Befitting the name of his field, paleoanthropologist Jeremy DeSilva combines a robust study of fossils with a curiosity about the origins of human nature in his book First Steps: How Upright Walking Made Us Human. The result is a thorough account of the evolutionary steps that led our human ancestors to develop bipedalism paired with a compelling origin story of how we developed traits like compassion, cooperation, language and technical ability.
Bipedalism in Nature
First Steps consists of three parts. Part I discusses bipedalism across species, from hominids to apes and other primates, to dinosaurs and birds. I expect most readers will find this section the dryest one of the book. While DeSilva does will to illustrate the fossil record with personal anecdotes and stories of major fossil discoveries, it’s hard to pack millions of years of evolutionary history into eighty pages of text.
Lay readers may get lost in story after story of unearthing partial skeletons from a previously unknown species and what those new fossils signify in the story of bipedalism. And the mixing of scientific genus-species designations with more colloquial names (e.g. interchanging Australopithecus afarensis with Lucy) only makes the history harder to follow. But the human family tree illustration at the front of the book is especially valuable for readers who are less familiar with our evolutionary past.
How Our Human Ancestors Learned to Walk
The fossil record continues into Part II, which addresses the evolution of bipedalism in our human ancestors, and how those ancestors migrated across the earth. As is the case in Part I, DeSilva displays a commendable respect for scientific evidence and processes throughout this exploration. He summarizes a variety of popular hypotheses to explain why humans evolved to walk on two legs and assesses each on the basis of available fossil evidence. But instead of settling on one particular theory, this section instead focuses on establishing when our human ancestors began to walk on two legs and how their skeletons over time changed to facilitate bipedal movement.
The result is perhaps less compelling for readers looking for a definitive Homo sapiens origin story, but this section firmly establishes DeSilva’s scientific bona fides. At the same time, DeSilva indulges his anthropological interests by imagining the lives and deaths of the individuals whose fossils he now studies. In addition to offering fascinating insights into how ancient hominids developed and migrated across the earth, this section best combines DeSilva’s scientific and storytelling prowess.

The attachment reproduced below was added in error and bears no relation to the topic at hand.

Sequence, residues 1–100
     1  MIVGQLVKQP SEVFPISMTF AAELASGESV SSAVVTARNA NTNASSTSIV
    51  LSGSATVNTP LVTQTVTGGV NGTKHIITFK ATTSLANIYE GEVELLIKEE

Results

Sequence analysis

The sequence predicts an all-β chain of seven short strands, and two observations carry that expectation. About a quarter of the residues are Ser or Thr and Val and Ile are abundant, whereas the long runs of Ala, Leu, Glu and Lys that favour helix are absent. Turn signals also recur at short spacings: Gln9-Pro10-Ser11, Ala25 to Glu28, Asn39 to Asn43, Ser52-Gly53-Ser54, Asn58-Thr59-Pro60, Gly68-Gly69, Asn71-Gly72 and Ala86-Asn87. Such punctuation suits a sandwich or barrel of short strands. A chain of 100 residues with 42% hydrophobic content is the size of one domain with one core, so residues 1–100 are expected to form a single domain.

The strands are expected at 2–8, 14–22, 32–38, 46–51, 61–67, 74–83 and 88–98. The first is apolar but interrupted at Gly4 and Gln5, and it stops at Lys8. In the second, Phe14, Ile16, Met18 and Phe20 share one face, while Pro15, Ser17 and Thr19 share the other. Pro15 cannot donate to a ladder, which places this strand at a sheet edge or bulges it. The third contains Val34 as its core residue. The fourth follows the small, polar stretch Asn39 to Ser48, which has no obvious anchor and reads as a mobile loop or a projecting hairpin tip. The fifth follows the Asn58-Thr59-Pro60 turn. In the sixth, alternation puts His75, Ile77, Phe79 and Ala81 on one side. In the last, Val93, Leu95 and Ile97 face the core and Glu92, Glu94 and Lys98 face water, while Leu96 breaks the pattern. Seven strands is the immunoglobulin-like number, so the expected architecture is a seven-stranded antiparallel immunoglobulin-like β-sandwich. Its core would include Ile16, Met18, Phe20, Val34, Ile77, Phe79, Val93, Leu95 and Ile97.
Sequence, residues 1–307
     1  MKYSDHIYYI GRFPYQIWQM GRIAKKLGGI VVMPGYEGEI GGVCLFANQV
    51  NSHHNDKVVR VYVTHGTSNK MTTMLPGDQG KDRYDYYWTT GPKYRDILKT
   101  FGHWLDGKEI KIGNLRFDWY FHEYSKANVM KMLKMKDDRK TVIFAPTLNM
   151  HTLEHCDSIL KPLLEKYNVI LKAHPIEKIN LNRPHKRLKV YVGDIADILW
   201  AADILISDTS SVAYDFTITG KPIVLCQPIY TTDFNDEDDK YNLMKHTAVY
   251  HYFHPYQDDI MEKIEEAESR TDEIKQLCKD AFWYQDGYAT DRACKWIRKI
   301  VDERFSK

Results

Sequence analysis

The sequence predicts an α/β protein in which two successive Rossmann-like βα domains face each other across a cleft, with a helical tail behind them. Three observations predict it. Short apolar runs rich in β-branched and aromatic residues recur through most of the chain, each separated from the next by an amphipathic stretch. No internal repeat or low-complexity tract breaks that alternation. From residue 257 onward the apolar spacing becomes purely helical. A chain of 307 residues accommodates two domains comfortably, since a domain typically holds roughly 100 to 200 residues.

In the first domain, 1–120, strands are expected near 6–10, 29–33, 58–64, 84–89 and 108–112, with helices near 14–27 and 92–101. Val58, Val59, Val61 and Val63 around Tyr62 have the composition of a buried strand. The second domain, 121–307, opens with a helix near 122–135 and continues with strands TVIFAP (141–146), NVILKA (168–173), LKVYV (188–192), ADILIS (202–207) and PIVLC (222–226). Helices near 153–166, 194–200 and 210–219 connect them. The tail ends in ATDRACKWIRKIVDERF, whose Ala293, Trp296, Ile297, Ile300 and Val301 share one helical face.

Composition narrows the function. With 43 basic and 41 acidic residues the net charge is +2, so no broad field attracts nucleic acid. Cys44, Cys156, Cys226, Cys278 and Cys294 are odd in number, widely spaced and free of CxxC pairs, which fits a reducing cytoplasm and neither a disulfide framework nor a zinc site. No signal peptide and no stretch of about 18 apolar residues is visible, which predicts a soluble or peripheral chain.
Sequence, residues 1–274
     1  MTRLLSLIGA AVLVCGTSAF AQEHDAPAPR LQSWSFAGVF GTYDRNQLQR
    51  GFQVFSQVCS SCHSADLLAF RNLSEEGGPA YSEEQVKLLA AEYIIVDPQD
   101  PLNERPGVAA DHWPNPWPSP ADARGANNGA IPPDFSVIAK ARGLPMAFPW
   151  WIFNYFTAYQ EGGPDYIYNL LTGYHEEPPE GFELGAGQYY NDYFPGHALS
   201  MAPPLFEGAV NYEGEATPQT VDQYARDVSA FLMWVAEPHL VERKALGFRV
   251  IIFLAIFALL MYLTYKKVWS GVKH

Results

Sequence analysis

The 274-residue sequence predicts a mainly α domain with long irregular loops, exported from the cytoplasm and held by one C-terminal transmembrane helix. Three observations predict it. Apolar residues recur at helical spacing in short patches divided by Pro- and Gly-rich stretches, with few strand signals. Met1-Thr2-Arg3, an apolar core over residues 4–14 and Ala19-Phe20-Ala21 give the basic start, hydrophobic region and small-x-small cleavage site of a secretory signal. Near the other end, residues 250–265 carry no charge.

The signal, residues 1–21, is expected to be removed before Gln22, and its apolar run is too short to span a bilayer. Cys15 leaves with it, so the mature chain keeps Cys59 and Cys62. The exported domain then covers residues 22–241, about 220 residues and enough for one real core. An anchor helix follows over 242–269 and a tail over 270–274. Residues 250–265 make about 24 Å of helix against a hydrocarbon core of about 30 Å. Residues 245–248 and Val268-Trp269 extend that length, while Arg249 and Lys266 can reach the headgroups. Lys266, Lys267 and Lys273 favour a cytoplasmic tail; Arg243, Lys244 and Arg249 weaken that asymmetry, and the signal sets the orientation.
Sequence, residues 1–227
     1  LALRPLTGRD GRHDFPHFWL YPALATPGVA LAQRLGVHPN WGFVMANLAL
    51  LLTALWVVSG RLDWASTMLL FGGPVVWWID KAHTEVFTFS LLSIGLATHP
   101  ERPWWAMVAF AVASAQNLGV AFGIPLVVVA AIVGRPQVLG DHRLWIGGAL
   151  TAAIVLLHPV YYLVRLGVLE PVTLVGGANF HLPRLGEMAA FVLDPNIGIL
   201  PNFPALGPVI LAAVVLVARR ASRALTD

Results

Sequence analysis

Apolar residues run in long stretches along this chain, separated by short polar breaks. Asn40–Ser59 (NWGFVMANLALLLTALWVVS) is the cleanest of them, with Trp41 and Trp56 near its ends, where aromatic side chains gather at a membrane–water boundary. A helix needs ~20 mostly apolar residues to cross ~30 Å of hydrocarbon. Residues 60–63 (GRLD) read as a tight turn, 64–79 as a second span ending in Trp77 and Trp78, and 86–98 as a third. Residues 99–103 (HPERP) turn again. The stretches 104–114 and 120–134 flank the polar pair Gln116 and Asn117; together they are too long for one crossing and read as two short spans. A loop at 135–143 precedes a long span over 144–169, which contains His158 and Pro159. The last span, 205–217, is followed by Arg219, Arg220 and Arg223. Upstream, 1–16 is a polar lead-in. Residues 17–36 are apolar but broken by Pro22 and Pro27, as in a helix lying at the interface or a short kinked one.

The Consequences of Bipedalism
Part III extends DeSilva’s examination of the fossil record by detailing the many complications and advantages conferred by moving on two legs. This section delivers on the book’s premise, showing “how upright walking made us human,” and was the section I personally enjoyed most.
Here, DeSilva explores the limitations of a recently evolved bipedal skeleton, from difficulties with childbirth to a propensity for back and knee pain. But he also explains why these limitations allowed humans to develop the capacities that define us as humans: compassion, cooperation and community. It was only through assisted childbirths and a group that watched for predators and other dangers that early hominids were able to overcome the challenges associated with walking on two legs.
In a few especially fascinating chapters, De Silva also explores the many ways in which movement—especially walking—is critical to even modern humans, and offers scientific explanations for problems that arise from a sedentary lifestyle. His explanation of myokines—a class of molecules released by muscular contractions with a variety of health benefits—was new to me, and offered incredible insights about the many advantages conferred by physical activity, from protecting against cancer to improved cognition.
All told, First Steps is an enjoyable scientific account of the history of bipedal motion and the development of quintessential human capacities. While lay readers may struggle with the litany of fossils and species, anyone interested in the origins of humanity will discover many valuable insights in this information-dense yet highly readable book.
Rating: 4/5 stars
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